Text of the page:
About semi conducting nanoparticles

Nanoparticles of semi conducting materials have all three dimensions in the range of 1–20 nm and possess novel electronic, magnetic, catalytical, and optical properties. This is due to their large surface-to-volume ratio and their reduced size. As the diameter of the particle approaches the exciton Bohr diameter, the charge carriers become confined in three dimensions with zero degrees of freedom. As a result of the geometrical constraints, the electron feels the particle boundaries and responds to particle sizes by adjusting its energy. This phenomenon, known as the quantum size effect, causes the continuous band of the solid to split into discrete, quantized levels and the “bandgap” to increase.
Preparation methods
Traditional methods such as chemical vapor deposition and molecular beam epitaxy methods have been used but have limitations as they produce particles that are attached to a substrate or embedded in a matrix, thereby limiting their potential in applications.
Colloidal access
The colloidal access to nanoparticles is achieved by carrying out a precipitation reaction in a homogenous solution in the presence of stabilizers, whose role is to prevent agglomeration and further growth. The colloidal growth stability of the crystals can be improved by using solvents with low dielectric constants or by using stabilizers such as styrene/maleic acid copolymer.
Ostwald ripening
In a process known as Ostwald ripening, small crystals, which are less stable, dissolve and then recrystallize on larger and more stable crystals. For this method to be effective, the nanoparticles must have low solubility, which can be achieved by judicious choice of solvent, pH, and  passivating agent.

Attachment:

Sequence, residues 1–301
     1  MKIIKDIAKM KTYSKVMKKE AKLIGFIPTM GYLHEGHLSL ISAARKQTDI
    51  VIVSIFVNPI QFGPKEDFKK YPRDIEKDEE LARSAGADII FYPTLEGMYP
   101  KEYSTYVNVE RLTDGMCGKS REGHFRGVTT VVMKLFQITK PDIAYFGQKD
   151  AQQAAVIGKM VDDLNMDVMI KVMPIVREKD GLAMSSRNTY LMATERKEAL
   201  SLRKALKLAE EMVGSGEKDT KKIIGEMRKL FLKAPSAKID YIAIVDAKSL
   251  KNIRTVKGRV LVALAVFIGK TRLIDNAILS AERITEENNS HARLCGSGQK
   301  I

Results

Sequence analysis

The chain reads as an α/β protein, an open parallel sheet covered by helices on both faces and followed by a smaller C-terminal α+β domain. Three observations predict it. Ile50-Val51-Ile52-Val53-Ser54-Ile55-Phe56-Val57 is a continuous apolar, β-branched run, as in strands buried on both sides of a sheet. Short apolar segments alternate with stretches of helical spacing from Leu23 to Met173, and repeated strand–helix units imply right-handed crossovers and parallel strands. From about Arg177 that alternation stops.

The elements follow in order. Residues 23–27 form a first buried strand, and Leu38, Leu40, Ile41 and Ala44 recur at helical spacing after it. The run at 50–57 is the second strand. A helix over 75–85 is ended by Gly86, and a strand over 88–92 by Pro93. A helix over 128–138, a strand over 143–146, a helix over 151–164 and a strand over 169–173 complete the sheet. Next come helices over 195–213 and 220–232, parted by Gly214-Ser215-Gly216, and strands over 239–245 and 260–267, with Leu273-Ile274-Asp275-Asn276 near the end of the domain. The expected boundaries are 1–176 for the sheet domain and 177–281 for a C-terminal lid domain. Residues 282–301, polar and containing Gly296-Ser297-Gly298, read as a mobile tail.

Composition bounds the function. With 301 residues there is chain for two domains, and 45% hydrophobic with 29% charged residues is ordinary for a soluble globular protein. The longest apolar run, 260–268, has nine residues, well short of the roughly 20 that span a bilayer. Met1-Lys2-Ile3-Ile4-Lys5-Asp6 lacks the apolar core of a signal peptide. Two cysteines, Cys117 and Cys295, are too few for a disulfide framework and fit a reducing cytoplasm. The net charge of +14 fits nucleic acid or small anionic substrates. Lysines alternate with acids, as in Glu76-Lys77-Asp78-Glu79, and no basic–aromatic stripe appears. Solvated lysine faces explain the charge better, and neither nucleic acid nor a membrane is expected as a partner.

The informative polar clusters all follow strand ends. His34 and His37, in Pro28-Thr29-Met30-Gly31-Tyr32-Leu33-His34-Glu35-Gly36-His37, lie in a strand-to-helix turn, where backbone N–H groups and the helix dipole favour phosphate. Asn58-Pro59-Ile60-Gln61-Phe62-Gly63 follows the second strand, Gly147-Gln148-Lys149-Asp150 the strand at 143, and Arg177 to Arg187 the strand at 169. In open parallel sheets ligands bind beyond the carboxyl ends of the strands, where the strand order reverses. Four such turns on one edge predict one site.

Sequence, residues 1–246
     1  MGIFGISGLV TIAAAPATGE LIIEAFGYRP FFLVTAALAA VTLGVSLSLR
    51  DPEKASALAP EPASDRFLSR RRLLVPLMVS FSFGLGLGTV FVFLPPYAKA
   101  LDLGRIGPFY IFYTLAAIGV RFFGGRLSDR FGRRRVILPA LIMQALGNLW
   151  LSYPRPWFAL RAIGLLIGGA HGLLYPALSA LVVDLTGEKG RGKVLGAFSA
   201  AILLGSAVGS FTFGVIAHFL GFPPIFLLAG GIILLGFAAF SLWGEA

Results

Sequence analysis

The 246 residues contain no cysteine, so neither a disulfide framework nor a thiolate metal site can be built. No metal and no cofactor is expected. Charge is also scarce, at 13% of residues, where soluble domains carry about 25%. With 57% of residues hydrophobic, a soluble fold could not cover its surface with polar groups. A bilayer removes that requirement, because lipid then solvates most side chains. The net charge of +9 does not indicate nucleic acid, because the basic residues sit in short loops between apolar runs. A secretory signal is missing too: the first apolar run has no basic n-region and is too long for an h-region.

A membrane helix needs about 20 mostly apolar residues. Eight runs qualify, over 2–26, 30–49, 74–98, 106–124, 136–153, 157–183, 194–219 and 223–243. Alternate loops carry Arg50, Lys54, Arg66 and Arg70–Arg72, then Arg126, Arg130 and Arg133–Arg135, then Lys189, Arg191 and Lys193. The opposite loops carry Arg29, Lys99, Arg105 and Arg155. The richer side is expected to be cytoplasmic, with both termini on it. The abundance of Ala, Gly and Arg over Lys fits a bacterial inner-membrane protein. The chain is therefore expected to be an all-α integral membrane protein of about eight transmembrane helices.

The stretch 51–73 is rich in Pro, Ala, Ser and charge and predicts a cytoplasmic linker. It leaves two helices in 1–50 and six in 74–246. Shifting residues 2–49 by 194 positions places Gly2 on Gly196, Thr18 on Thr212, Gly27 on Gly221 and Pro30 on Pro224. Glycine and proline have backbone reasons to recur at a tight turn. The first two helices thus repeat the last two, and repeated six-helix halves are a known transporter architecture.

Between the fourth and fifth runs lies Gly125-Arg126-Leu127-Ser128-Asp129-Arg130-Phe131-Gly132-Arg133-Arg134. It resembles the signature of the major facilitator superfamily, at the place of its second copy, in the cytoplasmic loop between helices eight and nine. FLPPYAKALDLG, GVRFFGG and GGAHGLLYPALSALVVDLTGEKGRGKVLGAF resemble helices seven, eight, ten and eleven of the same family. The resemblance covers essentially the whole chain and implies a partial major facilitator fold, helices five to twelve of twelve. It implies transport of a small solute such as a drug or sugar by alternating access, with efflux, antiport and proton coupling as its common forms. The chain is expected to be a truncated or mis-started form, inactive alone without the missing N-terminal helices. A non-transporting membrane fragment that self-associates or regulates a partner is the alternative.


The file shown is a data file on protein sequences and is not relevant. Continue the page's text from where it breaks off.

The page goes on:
The problems associated with the low-temperature colloidal route could be overcome by injecting precursors that undergo pyrolysis at high temperature into a high boiling point coordinating solvent. This route uses a volatile metal alkyl(dimethylcadmium) and a chalcogen source tri-n-octylphosphine selenide (TOPSe), dispersed in tri-n-octylphosphine (TOP) and injected into hot TOPO (tri-n-octylphosphine oxide). The particles produced by this method are  monodispersed and crystalline.
Chemical routes
An alternative chemical route to nanoparticles uses single-molecule precursors in which the metal-chalcogenide bond is available has proven to be a very efficient route to high-quality nanoparticles. The decomposition of the precursor drives the formation of the nanoparticles with termination of growth occurring when the precursor supply is depleted. After the initial injection there is rapid nucleation, followed by controlled growth of the nuclei. When the nanoparticles reach a desired size, the further growth is arrested by quickly cooling the solution. The nanocrystals are isolated from the growth solution by adding another solvent that is miscible with the initial solvent.  The resultant turbid solution is centrifuged, and the nanoparticles are isolated in the form of a powder. Metal complexes of alkylthioureas have also proven to be very good precursors for nanoparticle synthesis.


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